By Christopher Marlowe
Directed by Maria Aberg
Venue: Swan Theatre
Date: Wednesday 30th March 2106
Maria Aberg is fast heading for “Danger, Will Robinson” status, given to those directors whose work we avoid so as not to waste any of our precious remaining minutes on this planet. This production moved her a good few notches closer – only memories of her As You Like It stand between her and oblivion. (I doubt this will trouble her in the least.) Tonight’s offering was dire in every way except the performances by the lead actors – we have huge respect for the work they do, and given the unfortunate nature of the production they did as well as could be expected. Even so, I avoided adding to the applause at the end, and Steve’s contribution was polite but unenthusiastic.
To be fair, the danger signs were clearly visible well in advance. And I’m not just talking about the potential for an unpleasant theatrical experience: there were notices by the entrances warning the public of distressing scenes, and although we weren’t sure what the reason was, one member of the audience had to be helped out during the show. But even in theatrical terms we had some concerns. We haven’t enjoyed much of Maria Aberg’s work – As You Like It notwithstanding – Christopher Marlowe is not my favourite playwright – the recent The Jew Of Malta notwithstanding – and the story of Doctor Faustus has never impressed me. The best production I’ve seen was at Leeds in 2013, a co-production with Glasgow Citizens, and many times tonight I found myself thinking of that performance with nostalgia. Comparisons may indeed be “odorous”, but they are also inevitable, at least for those of us who see so many productions, and tonight’s version did not fare well in that contest.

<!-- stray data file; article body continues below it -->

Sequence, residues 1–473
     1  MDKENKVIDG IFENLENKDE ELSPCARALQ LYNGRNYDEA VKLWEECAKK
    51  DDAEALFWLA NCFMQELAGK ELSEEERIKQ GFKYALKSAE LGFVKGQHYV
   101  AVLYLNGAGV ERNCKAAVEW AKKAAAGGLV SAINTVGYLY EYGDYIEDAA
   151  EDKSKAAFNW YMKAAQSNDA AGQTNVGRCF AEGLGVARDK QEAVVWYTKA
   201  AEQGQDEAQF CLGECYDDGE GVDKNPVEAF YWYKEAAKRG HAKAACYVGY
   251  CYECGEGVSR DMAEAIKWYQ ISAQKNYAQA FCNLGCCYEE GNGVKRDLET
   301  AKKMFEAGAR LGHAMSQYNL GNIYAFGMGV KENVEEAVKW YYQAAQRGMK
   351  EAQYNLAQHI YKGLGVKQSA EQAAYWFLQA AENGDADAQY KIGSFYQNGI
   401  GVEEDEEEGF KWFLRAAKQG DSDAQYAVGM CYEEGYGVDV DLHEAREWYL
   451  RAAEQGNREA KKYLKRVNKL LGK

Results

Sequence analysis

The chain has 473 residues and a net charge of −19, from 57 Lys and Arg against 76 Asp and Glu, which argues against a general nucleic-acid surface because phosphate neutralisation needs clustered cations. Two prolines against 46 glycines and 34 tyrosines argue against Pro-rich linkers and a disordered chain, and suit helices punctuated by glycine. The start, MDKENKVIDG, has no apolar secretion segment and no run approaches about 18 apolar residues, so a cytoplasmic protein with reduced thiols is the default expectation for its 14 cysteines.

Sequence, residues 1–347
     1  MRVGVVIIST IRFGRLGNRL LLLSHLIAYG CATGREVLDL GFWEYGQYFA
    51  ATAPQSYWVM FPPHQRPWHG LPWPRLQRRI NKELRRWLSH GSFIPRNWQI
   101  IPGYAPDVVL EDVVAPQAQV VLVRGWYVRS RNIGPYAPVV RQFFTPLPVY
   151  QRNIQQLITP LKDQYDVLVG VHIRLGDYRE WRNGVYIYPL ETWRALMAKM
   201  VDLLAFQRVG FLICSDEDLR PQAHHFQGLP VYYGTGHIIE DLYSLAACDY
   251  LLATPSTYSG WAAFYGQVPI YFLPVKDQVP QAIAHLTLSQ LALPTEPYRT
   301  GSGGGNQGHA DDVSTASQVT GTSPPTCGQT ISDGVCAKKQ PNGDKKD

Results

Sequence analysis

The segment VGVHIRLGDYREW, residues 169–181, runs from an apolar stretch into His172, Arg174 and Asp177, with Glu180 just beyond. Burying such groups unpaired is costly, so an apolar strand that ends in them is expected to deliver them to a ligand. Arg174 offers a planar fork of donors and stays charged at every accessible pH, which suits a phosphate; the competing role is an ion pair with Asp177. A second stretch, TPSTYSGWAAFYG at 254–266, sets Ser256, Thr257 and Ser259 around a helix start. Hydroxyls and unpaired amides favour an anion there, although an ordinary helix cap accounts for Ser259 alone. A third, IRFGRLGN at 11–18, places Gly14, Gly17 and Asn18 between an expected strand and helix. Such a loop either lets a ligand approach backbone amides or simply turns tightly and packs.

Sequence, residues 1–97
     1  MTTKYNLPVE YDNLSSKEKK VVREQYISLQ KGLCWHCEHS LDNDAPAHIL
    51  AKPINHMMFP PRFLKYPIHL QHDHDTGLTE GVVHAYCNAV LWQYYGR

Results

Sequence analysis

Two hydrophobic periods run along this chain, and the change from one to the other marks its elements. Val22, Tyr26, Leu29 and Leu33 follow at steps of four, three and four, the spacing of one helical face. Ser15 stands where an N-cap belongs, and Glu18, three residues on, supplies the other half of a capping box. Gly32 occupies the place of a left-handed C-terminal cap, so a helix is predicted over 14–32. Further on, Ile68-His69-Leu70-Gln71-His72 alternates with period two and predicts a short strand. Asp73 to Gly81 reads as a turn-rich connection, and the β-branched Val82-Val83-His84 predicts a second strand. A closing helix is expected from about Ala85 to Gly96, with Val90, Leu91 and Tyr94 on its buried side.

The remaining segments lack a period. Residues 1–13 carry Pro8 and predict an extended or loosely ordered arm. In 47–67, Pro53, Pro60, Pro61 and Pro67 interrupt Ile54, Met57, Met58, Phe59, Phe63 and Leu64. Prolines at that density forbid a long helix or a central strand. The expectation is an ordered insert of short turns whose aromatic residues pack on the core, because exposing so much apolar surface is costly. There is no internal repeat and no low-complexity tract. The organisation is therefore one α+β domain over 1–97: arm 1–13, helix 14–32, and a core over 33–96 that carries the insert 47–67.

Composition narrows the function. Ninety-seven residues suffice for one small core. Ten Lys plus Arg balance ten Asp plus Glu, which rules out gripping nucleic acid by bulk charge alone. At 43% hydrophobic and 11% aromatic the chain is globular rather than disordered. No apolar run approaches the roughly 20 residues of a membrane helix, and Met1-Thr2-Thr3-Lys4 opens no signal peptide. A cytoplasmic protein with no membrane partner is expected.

However, we enjoyed Sandy Grierson playing Ariel in The Tempest at the RSC – the shipwreck season in 2012 – and by pure coincidence, the previous Hamlet understudy performance we saw in 2013 had Oliver Ryan playing the lead and doing it pretty well, given that production’s limitations. So we were keen to see how these two actors would job-share in this production. We’re still keen, but given that the choice of who plays which character is apparently down to the burning time of two matches, we’re not sure how much of our lives we want to waste fulfilling this particular desire. So the best thing I can do now is record as faithfully as I can my impressions of this performance, just in case it’s the only one we sit through. Hang on, it’s going to be a bumpy ride.